Space on the Bus

Video belongs to TotallyBiased

Street harassment is not flattering. It is annoying and gross and even terrifying, and it happens all the time. This is how it feels.

A group of men in team jerseys sit in the back, catcalling up the aisle as women board. A group of men in suits tell a woman to sit by them, then laugh and yell insults when she ignores them. A man sits behind me, then again when I switch seats. Another man sits across from me, and follows me off onto a deserted street. They are all old enough to be my father.

Can’t we get some space on the bus?

One bus driver smirks at me when I board. He ignores my stop request, even as I stand at the front of the aisle and point out his mistake. He only pulls over to pick up a new passenger, two stops later.  I take the bus at a different time. When I see That Passenger, I am glad my haircut renders me unrecognizable. Instead of rambling about virginity again, both flirting with and infantilizing me, he barely glances up.

Can’t we get some space on the bus?

People don’t sit next to me as often when I wear my baggiest hoodie. One man jumps when he sees my skirt, and changes course to sit next to instead of across from me. I dress to pass as male. It works. I get some space on the bus.

Men stare at me one the bus and subway. I watch their reflections in the dark windows. They never look above my shoulders. I turn around. They refuse eye contact. Their reflections continue to dart glances at my legs, my butt. I plan escape routes in case one follows me again.

A cab driver at a red light honks as I pass him. A teenage boy smacks my butt as he runs past. Young men elbow each other as I walk past and stare at me as they discuss the various merits of my body. Older men leaning against walls tell me to smile. I walk quickly so they won’t bother talking to me. I practice expressions in the mirror until I find the most intimidating one that isn’t actively threatening. I consider buying mace.

Home is sanctuary, and outside that cage is the zoo. Can’t we leave home without being put on exhibit? Can’t we exist in public as humans with things to do instead of objects of amusement?

Can’t we get some space on the bus?

Surveillance Culture and (Not So) Digital Harrassment

Cyberspace is a place of visibility where producers lose control of their content at an viral rate. It is the stage of mass exhibitionism and mass voyeurism, a surveillance culture like those explored in We Live in Public, and that openness has given birth to cyberstalking.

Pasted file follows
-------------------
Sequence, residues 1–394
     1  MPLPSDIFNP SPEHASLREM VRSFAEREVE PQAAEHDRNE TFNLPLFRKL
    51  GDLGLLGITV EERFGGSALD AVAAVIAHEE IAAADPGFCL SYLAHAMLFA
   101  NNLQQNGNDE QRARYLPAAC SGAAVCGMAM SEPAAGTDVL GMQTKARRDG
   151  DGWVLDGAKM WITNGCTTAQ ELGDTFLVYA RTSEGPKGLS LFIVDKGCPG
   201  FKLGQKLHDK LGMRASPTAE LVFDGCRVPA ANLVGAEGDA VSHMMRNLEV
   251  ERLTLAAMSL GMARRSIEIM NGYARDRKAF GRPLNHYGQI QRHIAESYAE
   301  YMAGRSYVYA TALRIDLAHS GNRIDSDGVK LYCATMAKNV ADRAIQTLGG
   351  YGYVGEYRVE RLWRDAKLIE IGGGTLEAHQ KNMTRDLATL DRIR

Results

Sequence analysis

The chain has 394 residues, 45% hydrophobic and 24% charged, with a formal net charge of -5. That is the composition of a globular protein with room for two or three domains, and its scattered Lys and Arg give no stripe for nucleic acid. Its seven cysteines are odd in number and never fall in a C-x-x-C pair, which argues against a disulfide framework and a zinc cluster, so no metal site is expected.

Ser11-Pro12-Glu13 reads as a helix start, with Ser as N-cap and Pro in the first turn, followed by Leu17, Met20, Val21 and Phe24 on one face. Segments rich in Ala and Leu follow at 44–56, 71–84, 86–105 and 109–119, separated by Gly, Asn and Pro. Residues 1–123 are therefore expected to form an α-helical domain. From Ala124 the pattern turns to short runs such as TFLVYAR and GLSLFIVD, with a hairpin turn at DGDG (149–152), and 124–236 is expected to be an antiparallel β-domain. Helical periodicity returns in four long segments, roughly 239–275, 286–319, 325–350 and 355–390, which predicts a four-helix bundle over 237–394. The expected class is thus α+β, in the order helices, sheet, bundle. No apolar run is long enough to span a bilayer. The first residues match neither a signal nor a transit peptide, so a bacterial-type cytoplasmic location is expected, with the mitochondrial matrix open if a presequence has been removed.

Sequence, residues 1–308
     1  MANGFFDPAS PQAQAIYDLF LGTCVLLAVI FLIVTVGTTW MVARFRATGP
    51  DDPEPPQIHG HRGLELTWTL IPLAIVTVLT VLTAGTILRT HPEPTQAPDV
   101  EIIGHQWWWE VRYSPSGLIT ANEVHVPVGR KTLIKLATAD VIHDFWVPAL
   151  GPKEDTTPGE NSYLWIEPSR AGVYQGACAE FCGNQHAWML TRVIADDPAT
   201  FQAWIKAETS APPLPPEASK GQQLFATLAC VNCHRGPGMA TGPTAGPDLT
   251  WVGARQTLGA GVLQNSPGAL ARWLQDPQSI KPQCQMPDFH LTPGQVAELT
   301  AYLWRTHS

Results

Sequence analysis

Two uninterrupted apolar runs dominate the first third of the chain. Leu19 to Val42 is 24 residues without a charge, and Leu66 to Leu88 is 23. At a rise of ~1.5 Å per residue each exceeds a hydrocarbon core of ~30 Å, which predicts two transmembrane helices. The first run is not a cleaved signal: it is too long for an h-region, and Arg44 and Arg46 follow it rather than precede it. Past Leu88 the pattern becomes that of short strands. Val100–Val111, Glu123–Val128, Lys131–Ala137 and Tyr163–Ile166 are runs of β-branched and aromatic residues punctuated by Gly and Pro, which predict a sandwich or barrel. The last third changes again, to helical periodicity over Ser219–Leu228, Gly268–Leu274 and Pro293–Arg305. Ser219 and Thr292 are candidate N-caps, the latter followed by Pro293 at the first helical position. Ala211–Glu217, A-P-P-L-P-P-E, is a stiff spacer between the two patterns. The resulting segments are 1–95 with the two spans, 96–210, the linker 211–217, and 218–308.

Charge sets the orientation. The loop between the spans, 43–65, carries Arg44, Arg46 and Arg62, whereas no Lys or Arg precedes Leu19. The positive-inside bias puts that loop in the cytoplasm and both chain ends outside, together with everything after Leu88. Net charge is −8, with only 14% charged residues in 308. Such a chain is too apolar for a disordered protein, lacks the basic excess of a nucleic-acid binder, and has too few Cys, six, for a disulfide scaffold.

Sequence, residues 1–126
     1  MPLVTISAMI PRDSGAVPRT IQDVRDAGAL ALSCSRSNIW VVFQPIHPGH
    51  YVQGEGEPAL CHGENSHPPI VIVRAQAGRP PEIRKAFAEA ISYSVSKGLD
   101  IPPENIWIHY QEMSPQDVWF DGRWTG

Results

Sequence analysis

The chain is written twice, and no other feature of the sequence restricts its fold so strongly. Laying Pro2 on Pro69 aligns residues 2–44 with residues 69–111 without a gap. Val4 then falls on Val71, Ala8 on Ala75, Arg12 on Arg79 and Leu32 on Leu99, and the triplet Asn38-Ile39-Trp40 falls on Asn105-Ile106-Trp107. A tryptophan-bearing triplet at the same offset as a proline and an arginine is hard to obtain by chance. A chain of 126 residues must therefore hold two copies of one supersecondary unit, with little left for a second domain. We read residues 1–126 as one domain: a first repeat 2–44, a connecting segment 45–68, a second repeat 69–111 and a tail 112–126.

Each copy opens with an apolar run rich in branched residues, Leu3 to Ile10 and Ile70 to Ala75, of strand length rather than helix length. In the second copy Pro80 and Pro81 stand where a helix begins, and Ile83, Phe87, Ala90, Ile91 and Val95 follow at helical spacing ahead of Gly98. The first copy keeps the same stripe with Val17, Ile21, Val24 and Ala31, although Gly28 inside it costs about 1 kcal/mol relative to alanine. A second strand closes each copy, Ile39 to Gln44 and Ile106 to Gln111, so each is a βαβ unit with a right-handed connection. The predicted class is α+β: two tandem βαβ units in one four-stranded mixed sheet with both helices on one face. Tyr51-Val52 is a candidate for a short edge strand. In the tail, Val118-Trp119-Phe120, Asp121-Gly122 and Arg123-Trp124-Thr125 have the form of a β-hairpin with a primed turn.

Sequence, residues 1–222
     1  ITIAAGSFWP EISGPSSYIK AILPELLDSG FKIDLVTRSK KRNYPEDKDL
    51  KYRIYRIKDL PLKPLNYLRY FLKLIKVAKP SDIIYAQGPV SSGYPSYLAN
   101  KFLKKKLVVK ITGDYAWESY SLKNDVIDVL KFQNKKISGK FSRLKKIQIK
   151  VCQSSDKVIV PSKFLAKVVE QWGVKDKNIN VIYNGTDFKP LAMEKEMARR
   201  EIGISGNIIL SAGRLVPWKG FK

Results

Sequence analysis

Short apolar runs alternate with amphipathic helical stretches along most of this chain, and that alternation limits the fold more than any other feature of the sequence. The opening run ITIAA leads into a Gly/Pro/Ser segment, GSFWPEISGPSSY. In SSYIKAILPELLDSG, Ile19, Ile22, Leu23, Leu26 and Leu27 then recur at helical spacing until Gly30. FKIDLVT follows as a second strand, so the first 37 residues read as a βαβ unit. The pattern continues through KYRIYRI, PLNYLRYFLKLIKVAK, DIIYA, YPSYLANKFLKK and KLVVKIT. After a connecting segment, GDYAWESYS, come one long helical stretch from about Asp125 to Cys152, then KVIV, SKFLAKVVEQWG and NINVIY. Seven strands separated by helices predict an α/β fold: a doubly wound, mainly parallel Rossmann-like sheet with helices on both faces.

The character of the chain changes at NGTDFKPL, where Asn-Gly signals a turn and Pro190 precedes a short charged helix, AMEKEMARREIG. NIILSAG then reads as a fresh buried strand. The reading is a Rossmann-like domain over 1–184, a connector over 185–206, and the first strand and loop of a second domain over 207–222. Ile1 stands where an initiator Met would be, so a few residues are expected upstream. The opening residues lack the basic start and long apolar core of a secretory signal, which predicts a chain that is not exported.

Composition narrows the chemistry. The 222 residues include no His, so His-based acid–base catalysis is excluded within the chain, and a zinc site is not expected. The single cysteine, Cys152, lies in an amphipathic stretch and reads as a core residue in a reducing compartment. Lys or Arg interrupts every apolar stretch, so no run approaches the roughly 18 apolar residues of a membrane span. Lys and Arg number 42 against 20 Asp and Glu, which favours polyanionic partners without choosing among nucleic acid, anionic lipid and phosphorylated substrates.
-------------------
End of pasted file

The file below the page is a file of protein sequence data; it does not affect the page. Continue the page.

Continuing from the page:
Image by Paintedrose13

How easily can internet users separate their digital presences from “real life?” The web seems like the perfect place to escape from the oppression of a person’s physicality. It is a place where anyone can adopt any identity, regardless of their offline appearance—except that the digital and physical worlds often play off each other. We use email and Facebook to augment our IRL relationships, and friendships (and romances) formed online frequently lead to physical meetings. Even when we separate our online personas from our offline identities, we often talk about our lives: annoying coworkers or customers, family difficulties, funny stories about friends. Maybe we discuss romances and school, or mention the current weather or a local store offhand.

Our anonymous accounts begin to describe us. References to being female on Reddit are oft-met with comments announcing whether or not the woman has posted nude pictures on the site, and pictures of “attractive” (slim, White, clear-skinned, apparently close to the age of consent but on which side is dubious) women are met with sexually harassing private message and photographs of penises (“unattractive” women are harassed publicly and violently). Implicating oneself as female in FPSs inspires enemies and teammates alike to abandon strategy in favor of (team)killing the trespassing woman.

The digital realm, allegedly an escape from the inequality and danger that women face offline, is transformed into a minefield, where a single misstep can permanently destroy a persona. A single instance of revealed (or mistaken) identity results in days-weeks-months of harassment, depending on the victim’s continued use of a given persona and the location in cyberspace that the victim identified as: a woman/person of Color/ transgendered person/non-heteronormative/having a mental disorder or physical disability/a combination of any of these.

The harassment does not always end with the deletion of a given online persona. Woe betide the person who utilizes the same username for different webspaces. And if a harasser locates a victim’s Facebook, workplace, real name, telephone number, or address, the rest is relatively easy to discover. If the victim is unfortunate enough, isolated harassment becomes full-blown stalking, complete with cyberbullying across multiple websites, defacement and take-downs of their personal sites, and threatening phonecalls. Reddit is fond of financial attack by “pizza bomb.”

The digital is inextricably connected to the physical, because it is produced by people who exist offline. The internet enables instantaneous global communication, and can thus provide a safe space for people living in homogeneous environments, but also provides a record of its users’ activities and opens users to the threats of harassment and stalking. Prosumers do place not only their content, but also themselves, before the eyes of the online world—and all its offline users.